Enter the Harbor at Chaguaramas

I think every cruiser knows that Trinidad is a haven for cruisers, south of the hurricane belt, protected from the prevailing winds, with a plentitude of available services. What I didn’t realize is that Chaguaramas harbor is also a very busy commercial port. The first thing we saw as we rounded the southern end of Boca del Monos was this huge oil rig with three ships moored alongside. I think we counted 22 oil tankers anchored in the harbor and countless other smaller service vessels. We motored further into the harbor and passed the local coast guard and navy docks where there were several large warships moored, and not much further in we came upon the dry docks you see below where the level of activity was beyond our wildest imaginations.

One of Many Oil Rigs in the Harbor
One of Many Oil Rigs in the Harbor

As we move deeper into the harbor we come across ships and yachts of every size and possible description. The mooring area is crowded with all manner of craft, fishing vessels, tenders, yachts, water taxis, you name it.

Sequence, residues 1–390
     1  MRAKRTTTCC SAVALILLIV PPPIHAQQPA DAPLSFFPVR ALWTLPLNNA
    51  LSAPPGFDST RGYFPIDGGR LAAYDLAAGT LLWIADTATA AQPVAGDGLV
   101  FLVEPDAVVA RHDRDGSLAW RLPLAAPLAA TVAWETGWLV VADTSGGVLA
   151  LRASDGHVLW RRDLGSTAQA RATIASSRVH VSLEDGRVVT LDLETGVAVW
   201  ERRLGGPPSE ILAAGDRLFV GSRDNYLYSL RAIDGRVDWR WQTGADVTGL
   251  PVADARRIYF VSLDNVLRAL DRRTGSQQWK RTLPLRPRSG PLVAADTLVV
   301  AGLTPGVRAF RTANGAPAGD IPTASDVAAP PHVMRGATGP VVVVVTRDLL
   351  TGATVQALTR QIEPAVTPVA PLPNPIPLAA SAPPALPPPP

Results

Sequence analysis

Busy Dry Docks and Shipyard
Busy Dry Docks and Shipyard

On the advice of friends we met in Puerto Rico we’d made reservations at Crew’s Inn marina rather than taking a mooring. Anchoring here is all but impossible as depths reach 60 feet and more, and the bottom is littered with all kinds of debris. Seeing boats drag at anchor is a rather common occurrence.

Just a few of the Huge Ships at Anchor
Just a few of the Huge Ships at Anchor

After making contact by VHF we obtained our slip assignment and proceeded to enter the marina’s narrow fairway where we carefully backed Ocean Angel into her temporary home at Crew’s Inn, so named because the inn serves not only as a resort, but also as the inn for workers coming from and going to the oil rigs.

Clearing Customs and Immigration was non-eventful, and after paying fees of about $9.00 US, we had our three month visa and clearance into the country. When we moved the yacht ashore, we would have to clear out of the water and onto the land – odd, but that’s how it is.

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